Re: “Praising math successes part of fostering big change” (TNT, 4-24).
I’m a volunteer math mentor for students struggling to pass the state math test in order to graduate, so I read Professor Katie Baird’s column with interest.
Almost every time I volunteer in a math class, I hear the complaint from a student, “I don’t need to know math.” I explain that even if you aren’t planning to be a mathematician or a scientist, math teaches you logic and problem-solving skills that you will use in any walk of life.
Our society has it backwards. We heap praise on sports teams and athletes while ignoring those professions and students that our society truly needs. For examples, look no further than Friday’s newspaper. There is a front-page article about the NFL draft. (“Trufant’s tears bring relief in draft”). The business section of this paper is much smaller than the sports section, and we’re lucky to get one or two science articles a week.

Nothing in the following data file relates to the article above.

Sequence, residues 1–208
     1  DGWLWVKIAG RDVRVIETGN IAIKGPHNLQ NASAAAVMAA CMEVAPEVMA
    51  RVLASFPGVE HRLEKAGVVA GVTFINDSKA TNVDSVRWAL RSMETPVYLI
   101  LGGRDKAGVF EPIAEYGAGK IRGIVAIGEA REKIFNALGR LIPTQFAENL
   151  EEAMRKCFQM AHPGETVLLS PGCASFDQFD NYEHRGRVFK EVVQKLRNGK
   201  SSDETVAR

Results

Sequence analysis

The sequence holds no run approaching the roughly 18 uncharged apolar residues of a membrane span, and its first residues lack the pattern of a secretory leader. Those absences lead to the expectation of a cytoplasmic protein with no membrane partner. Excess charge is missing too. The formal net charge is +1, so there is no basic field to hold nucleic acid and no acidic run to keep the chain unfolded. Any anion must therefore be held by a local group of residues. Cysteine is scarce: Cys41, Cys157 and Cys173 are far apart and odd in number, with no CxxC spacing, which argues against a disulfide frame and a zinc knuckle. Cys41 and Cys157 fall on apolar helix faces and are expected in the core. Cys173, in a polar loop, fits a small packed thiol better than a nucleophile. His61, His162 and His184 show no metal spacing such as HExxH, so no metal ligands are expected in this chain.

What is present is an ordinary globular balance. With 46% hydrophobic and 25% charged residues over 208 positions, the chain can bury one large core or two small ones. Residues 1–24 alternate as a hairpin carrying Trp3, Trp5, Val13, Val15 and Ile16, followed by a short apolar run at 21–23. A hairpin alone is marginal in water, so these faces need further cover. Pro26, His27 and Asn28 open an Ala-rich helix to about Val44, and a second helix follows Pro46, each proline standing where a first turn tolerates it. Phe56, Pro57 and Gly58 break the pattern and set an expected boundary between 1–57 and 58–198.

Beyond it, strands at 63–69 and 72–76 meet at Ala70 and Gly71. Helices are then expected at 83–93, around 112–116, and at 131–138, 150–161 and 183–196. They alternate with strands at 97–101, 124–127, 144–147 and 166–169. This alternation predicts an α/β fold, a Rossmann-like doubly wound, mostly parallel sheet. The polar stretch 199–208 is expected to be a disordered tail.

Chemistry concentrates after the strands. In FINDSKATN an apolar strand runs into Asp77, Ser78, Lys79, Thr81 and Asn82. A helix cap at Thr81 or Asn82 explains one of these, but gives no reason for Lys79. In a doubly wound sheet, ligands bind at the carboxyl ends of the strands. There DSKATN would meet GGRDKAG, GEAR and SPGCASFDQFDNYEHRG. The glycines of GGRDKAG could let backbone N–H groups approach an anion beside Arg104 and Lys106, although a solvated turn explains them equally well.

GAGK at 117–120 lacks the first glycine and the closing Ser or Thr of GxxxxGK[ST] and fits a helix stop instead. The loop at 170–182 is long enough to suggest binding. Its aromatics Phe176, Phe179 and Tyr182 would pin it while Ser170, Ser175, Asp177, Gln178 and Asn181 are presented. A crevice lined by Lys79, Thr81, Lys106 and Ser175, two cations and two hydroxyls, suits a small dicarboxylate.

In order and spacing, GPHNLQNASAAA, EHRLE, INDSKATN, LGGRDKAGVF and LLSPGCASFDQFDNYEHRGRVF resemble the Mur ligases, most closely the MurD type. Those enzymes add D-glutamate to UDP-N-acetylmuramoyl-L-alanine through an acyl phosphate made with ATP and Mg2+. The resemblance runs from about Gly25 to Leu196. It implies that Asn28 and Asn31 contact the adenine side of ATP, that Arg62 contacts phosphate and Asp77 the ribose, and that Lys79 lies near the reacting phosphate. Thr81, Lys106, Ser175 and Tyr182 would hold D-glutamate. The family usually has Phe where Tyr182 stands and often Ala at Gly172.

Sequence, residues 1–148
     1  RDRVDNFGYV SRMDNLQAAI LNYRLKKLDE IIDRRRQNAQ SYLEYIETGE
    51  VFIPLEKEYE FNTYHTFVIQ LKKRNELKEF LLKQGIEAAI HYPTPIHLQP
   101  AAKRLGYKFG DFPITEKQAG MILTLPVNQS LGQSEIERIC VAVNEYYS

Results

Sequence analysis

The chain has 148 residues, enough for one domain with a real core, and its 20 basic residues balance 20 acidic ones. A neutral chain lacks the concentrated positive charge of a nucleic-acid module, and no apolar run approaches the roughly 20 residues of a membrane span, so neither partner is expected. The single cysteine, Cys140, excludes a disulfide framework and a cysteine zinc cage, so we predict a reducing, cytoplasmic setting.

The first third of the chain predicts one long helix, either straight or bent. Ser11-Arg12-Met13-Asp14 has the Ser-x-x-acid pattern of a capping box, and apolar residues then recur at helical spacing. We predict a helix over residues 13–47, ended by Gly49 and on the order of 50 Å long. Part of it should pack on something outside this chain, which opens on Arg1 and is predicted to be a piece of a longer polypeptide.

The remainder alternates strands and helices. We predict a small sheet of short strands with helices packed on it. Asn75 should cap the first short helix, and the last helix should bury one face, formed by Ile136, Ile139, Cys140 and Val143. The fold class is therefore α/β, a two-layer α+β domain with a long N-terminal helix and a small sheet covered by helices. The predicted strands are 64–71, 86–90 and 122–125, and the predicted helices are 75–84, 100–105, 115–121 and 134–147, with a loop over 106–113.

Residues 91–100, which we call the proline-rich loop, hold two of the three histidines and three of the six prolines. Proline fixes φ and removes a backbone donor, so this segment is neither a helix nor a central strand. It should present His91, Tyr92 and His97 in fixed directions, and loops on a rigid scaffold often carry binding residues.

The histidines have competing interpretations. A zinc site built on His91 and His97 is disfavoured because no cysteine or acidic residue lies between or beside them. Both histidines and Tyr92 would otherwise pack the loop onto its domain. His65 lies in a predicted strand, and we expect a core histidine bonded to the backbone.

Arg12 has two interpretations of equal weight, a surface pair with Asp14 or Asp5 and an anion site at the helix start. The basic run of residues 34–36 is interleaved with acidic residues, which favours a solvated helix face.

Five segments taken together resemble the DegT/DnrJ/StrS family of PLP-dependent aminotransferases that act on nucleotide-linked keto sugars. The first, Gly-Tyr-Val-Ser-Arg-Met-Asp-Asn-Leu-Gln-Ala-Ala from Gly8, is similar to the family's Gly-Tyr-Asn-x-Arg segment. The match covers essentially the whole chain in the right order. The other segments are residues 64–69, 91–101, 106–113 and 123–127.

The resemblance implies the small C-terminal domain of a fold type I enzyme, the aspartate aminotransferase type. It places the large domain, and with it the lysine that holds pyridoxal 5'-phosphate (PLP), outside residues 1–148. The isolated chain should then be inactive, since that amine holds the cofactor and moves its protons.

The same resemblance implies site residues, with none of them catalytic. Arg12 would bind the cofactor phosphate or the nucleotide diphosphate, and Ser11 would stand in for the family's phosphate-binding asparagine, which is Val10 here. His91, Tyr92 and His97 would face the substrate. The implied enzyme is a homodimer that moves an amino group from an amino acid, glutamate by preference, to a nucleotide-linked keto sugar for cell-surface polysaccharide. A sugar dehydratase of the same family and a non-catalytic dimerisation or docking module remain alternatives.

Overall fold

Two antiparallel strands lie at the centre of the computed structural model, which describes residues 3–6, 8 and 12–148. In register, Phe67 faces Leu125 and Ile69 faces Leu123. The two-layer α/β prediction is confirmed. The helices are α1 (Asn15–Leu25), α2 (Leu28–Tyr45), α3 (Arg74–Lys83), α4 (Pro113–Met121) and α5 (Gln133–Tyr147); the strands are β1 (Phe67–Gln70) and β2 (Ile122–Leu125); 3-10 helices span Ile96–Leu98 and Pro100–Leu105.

We don’t need sports even though we want them for their entertainment value. We need mathematicians, engineers and scientists to improve our society, yet we don’t acknowledge them in the same way we do athletes.
Schools should provide the funds and support for events like the Washington State Math Council’s Mathematics Contest. Schools should have prominently displayed trophy cases for academic superstars, debate teams, and science and math clubs, just like they do for athletics. Math is needed!